Some opponents of the idea of a binational state claim that it undermines the Palestinian national project. This opposition comes from two different sources; the first involves the supporters of the state in the West Bank and Gaza Strip, considering it as the Palestinian national project. My answer to those is that the binational state does not destroy the Palestinian national project, but represents an enlarged version that includes the Palestinians in Israel, in addition to the refugees. The binational state should be established on the entire British mandate Palestine, not forgetting that the other national group, the Jews, are entitled to equal status. The second source of opposition comes from those who support a Palestinian secular state and argue that a binational state does not take into consideration the strong feeling of Palestinian national belonging. This is a misconception that must be clarified:

a.The one-state model which undermines the Palestinian national identity and the idea of the national project is the model of the secular democratic state, because the basis of the secular democratic state (one-state) is citizenship and not nationality.
b.Those who promote the idea of a secular state, meaning a Palestinian national state, not the state of the citizens regardless of their nationality or religion, are using the wrong term. They basically do not recognize a Jewish Israeli national group deserving of a national project. This position overlooks the Israeli reality. How can we deny Israelis national unity and the right to express themselves as a national group when we stand before them, jealous of how strong their community is and plead to be granted the same rights? Jewish national expression in the form of an independent Jewish state is rejected by Palestinian Arab loyal to their cause. It should, however, be accepted in a joined and equal binational state.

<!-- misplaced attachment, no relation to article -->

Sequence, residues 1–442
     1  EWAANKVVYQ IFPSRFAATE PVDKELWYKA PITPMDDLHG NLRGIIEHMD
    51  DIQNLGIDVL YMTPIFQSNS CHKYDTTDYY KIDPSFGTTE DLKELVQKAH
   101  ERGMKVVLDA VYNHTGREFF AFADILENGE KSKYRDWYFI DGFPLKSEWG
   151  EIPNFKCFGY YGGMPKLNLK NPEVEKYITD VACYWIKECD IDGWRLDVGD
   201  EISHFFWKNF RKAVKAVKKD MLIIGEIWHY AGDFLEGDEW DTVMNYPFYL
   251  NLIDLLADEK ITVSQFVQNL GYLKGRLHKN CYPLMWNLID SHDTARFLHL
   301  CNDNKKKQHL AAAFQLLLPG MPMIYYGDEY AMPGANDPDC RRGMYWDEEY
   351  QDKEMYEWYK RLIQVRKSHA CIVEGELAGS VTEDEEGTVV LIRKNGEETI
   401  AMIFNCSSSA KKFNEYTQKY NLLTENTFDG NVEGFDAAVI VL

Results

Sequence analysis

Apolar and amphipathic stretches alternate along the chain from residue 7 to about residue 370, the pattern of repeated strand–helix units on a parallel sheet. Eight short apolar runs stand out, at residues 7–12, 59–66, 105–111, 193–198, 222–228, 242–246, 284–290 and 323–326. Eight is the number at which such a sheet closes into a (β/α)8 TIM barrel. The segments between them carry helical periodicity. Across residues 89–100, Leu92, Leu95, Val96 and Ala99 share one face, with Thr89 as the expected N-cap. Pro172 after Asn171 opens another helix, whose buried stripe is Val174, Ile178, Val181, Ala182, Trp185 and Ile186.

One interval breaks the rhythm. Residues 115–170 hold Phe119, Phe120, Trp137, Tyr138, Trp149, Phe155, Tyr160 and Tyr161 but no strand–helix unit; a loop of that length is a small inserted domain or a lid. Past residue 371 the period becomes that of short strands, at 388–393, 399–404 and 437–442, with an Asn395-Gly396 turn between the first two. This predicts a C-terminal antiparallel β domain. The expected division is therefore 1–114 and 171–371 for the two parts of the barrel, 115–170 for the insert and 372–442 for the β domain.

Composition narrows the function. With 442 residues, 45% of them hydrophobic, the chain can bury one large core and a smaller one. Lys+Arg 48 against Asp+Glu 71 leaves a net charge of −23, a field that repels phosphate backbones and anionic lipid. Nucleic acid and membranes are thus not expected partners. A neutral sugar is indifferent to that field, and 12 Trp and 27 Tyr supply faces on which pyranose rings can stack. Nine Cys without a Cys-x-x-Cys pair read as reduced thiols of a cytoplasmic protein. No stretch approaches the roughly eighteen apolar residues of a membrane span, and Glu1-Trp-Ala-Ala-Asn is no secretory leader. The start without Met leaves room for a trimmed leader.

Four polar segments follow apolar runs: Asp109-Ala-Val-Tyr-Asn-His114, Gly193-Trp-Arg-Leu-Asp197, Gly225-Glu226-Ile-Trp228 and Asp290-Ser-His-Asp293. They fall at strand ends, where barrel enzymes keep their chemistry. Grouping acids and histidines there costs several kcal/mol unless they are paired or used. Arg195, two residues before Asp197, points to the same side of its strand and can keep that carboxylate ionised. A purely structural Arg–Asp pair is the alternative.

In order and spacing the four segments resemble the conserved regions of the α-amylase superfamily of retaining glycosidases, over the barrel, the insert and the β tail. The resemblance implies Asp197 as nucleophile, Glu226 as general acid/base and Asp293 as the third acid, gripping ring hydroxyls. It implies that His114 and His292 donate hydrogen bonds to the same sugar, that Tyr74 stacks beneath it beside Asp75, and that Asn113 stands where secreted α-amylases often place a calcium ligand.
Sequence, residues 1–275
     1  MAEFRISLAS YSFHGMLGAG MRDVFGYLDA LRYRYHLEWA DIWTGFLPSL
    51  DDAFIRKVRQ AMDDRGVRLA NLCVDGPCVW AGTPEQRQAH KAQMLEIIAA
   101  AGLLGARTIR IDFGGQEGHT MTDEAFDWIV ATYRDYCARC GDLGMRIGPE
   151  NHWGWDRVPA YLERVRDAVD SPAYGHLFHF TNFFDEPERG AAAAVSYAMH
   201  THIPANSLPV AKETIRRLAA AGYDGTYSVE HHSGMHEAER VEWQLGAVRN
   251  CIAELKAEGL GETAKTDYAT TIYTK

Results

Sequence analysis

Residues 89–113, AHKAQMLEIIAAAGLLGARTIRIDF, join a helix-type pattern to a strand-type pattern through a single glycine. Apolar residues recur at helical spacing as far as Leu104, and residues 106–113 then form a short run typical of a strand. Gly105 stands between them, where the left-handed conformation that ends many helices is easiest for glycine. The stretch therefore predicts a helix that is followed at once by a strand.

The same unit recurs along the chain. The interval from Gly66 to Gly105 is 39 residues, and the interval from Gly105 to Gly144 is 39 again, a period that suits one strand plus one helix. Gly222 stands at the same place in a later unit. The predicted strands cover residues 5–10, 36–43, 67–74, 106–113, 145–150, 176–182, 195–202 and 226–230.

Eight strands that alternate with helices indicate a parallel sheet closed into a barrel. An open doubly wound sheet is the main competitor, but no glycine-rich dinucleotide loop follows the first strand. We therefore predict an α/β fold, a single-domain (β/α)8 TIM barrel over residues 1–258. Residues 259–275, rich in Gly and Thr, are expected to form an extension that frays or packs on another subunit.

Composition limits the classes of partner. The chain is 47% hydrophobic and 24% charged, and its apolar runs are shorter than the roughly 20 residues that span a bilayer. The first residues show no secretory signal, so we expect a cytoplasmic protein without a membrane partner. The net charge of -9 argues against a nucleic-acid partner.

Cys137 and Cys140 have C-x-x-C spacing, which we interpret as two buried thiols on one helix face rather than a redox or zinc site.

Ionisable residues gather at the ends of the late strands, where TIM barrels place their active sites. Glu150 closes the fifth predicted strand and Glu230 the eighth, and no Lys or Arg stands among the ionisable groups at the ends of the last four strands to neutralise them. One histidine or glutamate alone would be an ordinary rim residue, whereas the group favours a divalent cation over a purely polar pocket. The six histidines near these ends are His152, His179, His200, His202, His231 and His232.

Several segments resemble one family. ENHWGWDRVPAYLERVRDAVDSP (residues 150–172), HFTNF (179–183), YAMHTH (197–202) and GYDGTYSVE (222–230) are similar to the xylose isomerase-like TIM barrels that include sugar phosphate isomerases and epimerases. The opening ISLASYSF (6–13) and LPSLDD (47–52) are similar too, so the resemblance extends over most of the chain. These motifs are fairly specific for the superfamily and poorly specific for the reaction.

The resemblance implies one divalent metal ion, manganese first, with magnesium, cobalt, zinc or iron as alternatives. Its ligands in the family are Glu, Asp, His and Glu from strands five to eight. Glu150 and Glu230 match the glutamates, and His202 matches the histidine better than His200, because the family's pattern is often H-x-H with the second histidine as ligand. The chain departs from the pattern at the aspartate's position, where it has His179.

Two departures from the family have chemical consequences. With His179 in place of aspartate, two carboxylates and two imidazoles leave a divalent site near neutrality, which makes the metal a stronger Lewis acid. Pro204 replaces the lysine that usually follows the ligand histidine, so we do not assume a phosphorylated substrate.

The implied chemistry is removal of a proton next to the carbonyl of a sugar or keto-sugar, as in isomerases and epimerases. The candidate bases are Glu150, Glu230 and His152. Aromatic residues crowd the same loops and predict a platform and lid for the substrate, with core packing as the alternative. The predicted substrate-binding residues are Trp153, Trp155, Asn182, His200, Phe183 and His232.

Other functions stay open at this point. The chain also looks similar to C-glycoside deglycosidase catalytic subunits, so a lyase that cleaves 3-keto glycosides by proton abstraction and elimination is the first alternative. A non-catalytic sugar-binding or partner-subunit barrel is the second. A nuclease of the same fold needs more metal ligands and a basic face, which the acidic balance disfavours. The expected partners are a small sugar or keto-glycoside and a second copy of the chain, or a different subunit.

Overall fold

Calls for the establishment of a binational state must take the following points into consideration:

Israeli Jews are a national group whose cooperation is necessary in order to establish a binational state.

The creation of a binational state, regardless of when it happens, recognizes that the future of the Palestinian people is different and separate from the future of the rest of the Arab nation, i.e. it is incompatible with the notion of Arab unity or Arab completeness. Palestinians must accept an identity that fits with the binational state, without disregarding civil and cultural, but not political, interconnections with the Arab world.